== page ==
On a Lonely Hill

The rain came in torrents now, washing the bloodied body; making red rivulets cascade down the hill. When the lightning came, I felt closer to recognizing Him. It seemed to me that all nature was in anguish. I could imagine that at least nature realized Who He was, as I ... I knew. No one on earth knew better than I.

I tried to leave. But if He was still aware, I couldn’t take the chance. It hurt so much to stay, exactly as if His pain was mine. But, it would hurt more to leave.

Lightning struck again, thunder, the earth shook and, still, I couldn’t go. John (beside me) seemed to understand and I was thankful for his shoulder; again and again.

I kept looking from the cross to the crowd, to the sky. My head was reeling. But, that paled in comparison to my heart. Never, ever, had I imagined a day like this!

Yes, I worried about Him. But, I knew He was King of Kings. It was only a matter of time until they would realize, through one of His healings or teachings, Who He was.

Less than a week ago, people from all over Jerusalem had met Him with palm branches that they laid before Him. Hosannas were shouted and praises sung.

Now, where did these people come from? I thought the whole country knew and loved Him. So many had been delivered and healed. Scriptures flashed through my mind: "Wounded for our transgressions ... By His stripes we were healed ... Marred beyond recognition ..."

He stirred! There was yet life! Perhaps ...

"Woman," He directed his eyes, then, toward John, "behold thy son!"

Then, to John, "Behold," turning those eyes, so full of anguish and pain, to me, "Thy mother." John reach his arm around me in an act of comfort. We wept together.

Were His last thoughts and words going to be concern for me?

Where were the angels? Why would God let this happen? Where was that angel that came, so many years ago, with the news that changed my life forever? Surely this could not be what He meant when He said, "If I be lifted up from the earth, I shall draw all men unto me." Lifted up? On a cross?

The thieves, on either side of Him, were from two different worlds. One was full of hatred, resentment, mockery; chiding him to send for angels.

The other was accepting of his guilt and, vindicating my son, said to Him, "Remember me, when You come into Your Kingdom." He received the amazing reward for His faith; "Today, thou shalt be with Me in Paradise!"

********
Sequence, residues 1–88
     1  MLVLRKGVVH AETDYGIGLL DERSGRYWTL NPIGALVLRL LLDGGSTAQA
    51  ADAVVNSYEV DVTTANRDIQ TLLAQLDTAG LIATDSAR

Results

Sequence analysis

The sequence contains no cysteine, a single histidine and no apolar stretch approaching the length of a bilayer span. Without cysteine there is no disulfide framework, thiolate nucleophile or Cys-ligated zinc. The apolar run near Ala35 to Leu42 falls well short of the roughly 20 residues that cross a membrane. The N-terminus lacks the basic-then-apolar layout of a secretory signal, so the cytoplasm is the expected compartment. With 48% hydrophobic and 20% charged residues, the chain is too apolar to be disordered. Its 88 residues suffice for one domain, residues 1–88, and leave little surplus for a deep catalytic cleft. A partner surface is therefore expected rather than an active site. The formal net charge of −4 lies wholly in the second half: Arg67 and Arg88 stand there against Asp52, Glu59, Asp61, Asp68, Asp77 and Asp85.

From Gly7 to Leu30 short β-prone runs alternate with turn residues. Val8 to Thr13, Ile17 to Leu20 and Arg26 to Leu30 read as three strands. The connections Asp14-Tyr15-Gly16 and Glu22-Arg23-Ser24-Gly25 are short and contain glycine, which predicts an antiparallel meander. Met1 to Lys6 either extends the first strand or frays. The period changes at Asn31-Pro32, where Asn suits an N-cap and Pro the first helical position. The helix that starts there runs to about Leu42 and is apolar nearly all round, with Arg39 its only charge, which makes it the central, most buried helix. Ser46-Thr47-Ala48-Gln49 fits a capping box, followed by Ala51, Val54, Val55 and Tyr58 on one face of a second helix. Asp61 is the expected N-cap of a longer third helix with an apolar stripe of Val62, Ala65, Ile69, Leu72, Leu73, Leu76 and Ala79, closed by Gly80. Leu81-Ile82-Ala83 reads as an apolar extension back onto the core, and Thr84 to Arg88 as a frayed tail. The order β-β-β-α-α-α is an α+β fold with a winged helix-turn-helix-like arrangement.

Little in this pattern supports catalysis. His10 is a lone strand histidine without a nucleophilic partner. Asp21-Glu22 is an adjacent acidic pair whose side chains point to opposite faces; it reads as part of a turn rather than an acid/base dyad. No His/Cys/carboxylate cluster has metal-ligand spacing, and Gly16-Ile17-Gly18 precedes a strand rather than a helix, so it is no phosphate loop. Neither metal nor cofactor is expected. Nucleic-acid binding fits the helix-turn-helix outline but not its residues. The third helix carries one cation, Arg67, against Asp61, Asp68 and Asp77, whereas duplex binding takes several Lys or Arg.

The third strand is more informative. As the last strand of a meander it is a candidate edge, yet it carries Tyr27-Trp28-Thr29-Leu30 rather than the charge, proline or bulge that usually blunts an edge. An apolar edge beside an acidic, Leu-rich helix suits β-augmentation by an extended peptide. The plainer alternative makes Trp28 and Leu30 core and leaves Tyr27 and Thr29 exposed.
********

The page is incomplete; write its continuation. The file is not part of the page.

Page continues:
I looked around the darkened hill for one kind face; one who had the faith, one who could change things. Yet, there was none.

Then, I heard the anguished cry, "My God, My God! Why have You forsaken Me?"

I understood, I thought. For, I could discern no evidence of God, my Father, in that dark hour either. Was He gone? Had He abandoned mankind? I wouldn’t blame Him.

They were dividing the spoil. The dying men could watch them. Jesus’ robe was in one piece (woven that way especially for Him) and they thought that unusual. So, they threw the dice for that.

They offered nothing to me. I didn’t care. For, I had the memories, in my heart, of that wonderful night in Bethlehem; memories of shepherds, angels, wise men, stars ... memories of childhood laughter, of His little arms around my neck, His kisses on my cheek ... the sweet nursing sounds of that Baby, the fluttering eyelids, the memories of little God sleeping peacefully ... His first prayer, His certain distinguishing traits.

He was different, in a wonderful way, from all my other children.

Then, His voice brought me from the memories, "It is finished! Into Thy hands I commend My Spirit ..." John heard it, too.

The soldiers came, having broken the legs of the thieves on either side, to also brake His. But, they found Him gone. A spear was thrust into his side, letting the blood flow. It was already separated. The water stood apart, proving He was dead.

We sat down in the drizzle, weeping. We wept for Jesus, for the cause He had carried right to the end ... for the things we could not understand ... for good, and fairness, mercy, understanding ... for all the wonderful things He did ... for the laugh and the smile that we would not see again ... for the great opportunity that earth had missed. He would not sit on an earthly throne.

Someone came, begging us to get out of the rain, saying that Joseph of Armatheia and Nicodemus were taking the body. They would show us the place.

It was a new tomb. No other bodies had been placed there. As it was sunset, we would come on the first day of the week. Strange as it seemed, guards were placed there.

Suddenly, I was tired. I could not deal with all I had believed so fervently; all the dreams, hopes, cares. My mind was overcome with memories of the faces of those healed, helped, liberated. I saw the thanks, the relief, the love in those eyes.

The night crept in and I fell victim to slumber; wondering, as I yielded, how God would deal this out ... how He could make any good thing come from it ... how there could be victory in this hideous defeat ...

© 2005 by Joan Clifton Costner

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